that can be set once and for all, and if no media is found in the first two items in the list proceeds to boot the internal hard disk.

 

Seemingly,from what you reported this is not possible on your PC? :unsure:

 

Now, what would happen if you set the BIOS to always boot from Disk1, and on it you boot (optionally, i.e. as an entry in boot.ini that gets added to the "normal" Windows 7 boot menu) to grub4dos and you have a menu.lst that:

1) initializes the USB stack of grub4dos

2) looks for a (given) USB stick

3) if the given USB stick is found it chainloads the Disk 2 and if it doesn't find it proceeds to boot the Disk 1 anyway?

 

:dubbio:

 

:duff:

Wonko



#19 jasonphl

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Posted A week ago

Hi WtS,

Exactly! On "normal" BIOS'es, when a user specified the boot order, and saves it, it sticks there until it is set back to default or a BIOS hard reset is done. But not with this board (ASUS). This was the odd behavior of my motherboard's firmware as reported in one or two of my posts. Is this not the case with any other else's UEFI motherboards?

 

In BIOS, I set boot order:

1. USB 

2. Disk 1

3. Disk 2

Save and Reboot.

As long as the USB drive is inserted, the boot order will remain. BUT, as soon as I remove my USB drive, reboot once, the usb entry in bios is removed automatically. And when I reinsert the usb drive, enter BIOS again, this what will greet me...

1. Disk 1

2. Disk 2

3. USB

 

I also saw a topic from another website with the same idea and problem. https://superuser.co...863734_1265645]

 

So what was supposed to be a quick USB grub4dos prep, with correct menu.lst.... became a nightmare because of my motherboard's firmware boot order way of handling. 

Now, what would happen if you set the BIOS to always boot from Disk1, and on it you boot (optionally, i.e. as an entry in boot.ini that gets added to the "normal" Windows 7 boot menu) to grub4dos and you have a menu.lst that:
1) initializes the USB stack of grub4dos
2) looks for a (given) USB stick
3) if the given USB stick is found it chainloads the Disk 2 and if it doesn't find it proceeds to boot the Disk 1 anyway?

This was the method I was trying to pull off before I gave up. I thought that after I booted in Disk 1, loaded grub, it wouldnt find the USB. Until your other post advising to initialize the usb stack. Maybe if Ive grown tired of setting the usb boot priority every time I want to use Disk 2, Id try this again.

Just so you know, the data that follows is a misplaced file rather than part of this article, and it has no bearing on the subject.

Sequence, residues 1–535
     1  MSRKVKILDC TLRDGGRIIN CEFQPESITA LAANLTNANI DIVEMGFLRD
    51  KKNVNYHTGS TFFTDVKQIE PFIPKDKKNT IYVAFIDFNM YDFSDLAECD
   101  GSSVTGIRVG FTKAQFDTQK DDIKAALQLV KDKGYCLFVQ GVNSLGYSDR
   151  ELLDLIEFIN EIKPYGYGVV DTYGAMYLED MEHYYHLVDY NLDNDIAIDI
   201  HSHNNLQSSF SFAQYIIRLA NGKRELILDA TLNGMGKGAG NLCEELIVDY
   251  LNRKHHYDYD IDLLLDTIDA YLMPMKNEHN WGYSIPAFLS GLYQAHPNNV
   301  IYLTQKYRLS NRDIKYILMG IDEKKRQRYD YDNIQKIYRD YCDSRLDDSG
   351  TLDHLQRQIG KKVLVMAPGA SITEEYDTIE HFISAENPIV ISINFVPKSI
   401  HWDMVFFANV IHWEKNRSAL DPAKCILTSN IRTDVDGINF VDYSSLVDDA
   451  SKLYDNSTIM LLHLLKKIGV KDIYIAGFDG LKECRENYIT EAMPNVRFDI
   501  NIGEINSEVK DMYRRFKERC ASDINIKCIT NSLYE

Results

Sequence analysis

... or ill do it tomorrow. right now im stuck with how to scrape a particular site at 4am...

 

will report back a soon as ive accomplished it. 


Edited by jasonphl, A week ago.


#20 alacran

alacran

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Posted A week ago

@alacran

Please :) , be NOT like the people on half the internet boards :realmad: .

 

Yes, you are right, the suggestions I proposed are according to my likes, and I ignored user preferences. Thanks for make me notice my mistake.

 

I apologize with jasonphl for my insistence and rudeness.

 

I only hope he lerned something else on this thread.

 

 

Best Regards

 

alacran



#21 jasonphl

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Posted A week ago

Hi alacran, 

Im sorry as well that I was not clear to what my goal was. You only intended to help and give suggestions. 

I definitely learned new things. Like the boot.ini trick and password in a menu list :)

 

On the other hand, I read the usb stack link, and downloaded the 0.4.6a grub4dos and set it up. Until i got to this part

The issue is that while the BIOS (in your case the UEFI CSM) supports *all* motherboard USB ports, the grub4dos USB stack (at least at the moment) only supports USB 2.0 ports, so if your motherboard has BOTH USB 2.0 and USB 3.0 ports you must be careful and insert the USB stick in a USB 2.0 port, while - if you have a motherboard with only USB 3.0 ports - you won't be able to access the stick anyway from grub4dos, unless you boot from the USB (and thus grub4dos hooks on the BIOS services provided by the UEFI/CSM).

 

My concerns are:

1. The usb drive that I use as a "boot key", that doubles as my go-every-where-file-storage, is a 3.0. Sure, I could plug it in a 2.0 and probably lose a couple of minutes with file transfers. But the main concern is...

2. There is no USB 2.0 on the front of the computer. LOL Damn this computer. Though I particularly chose a tower case that has only 3.0 ports in front. That choice did not work for me today :(

 

 

It looks like that Im back to the "Setup once, rather than ten times F8 on ten times reboot" routine. 

But I'll definitely be checking this one again, soon. 

 

Thank you!


Edited by jasonphl, A week ago.


#22 Wonko the Sane

Wonko the Sane

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Posted A week ago

Can you post the exact make/model of your motherboard (and possibly also the exact version of the UEFI/BIOS)?

 

Normally (and AFAIK/AFAICR) in CSM mode the "legacy" boot order options are "sticky" :dubbio:

 

It is a mess:

https://www.rodsbook...d-bad-ugly.html

 

but maybe there is a specific option n yout firmware.

 

:duff:

Wonko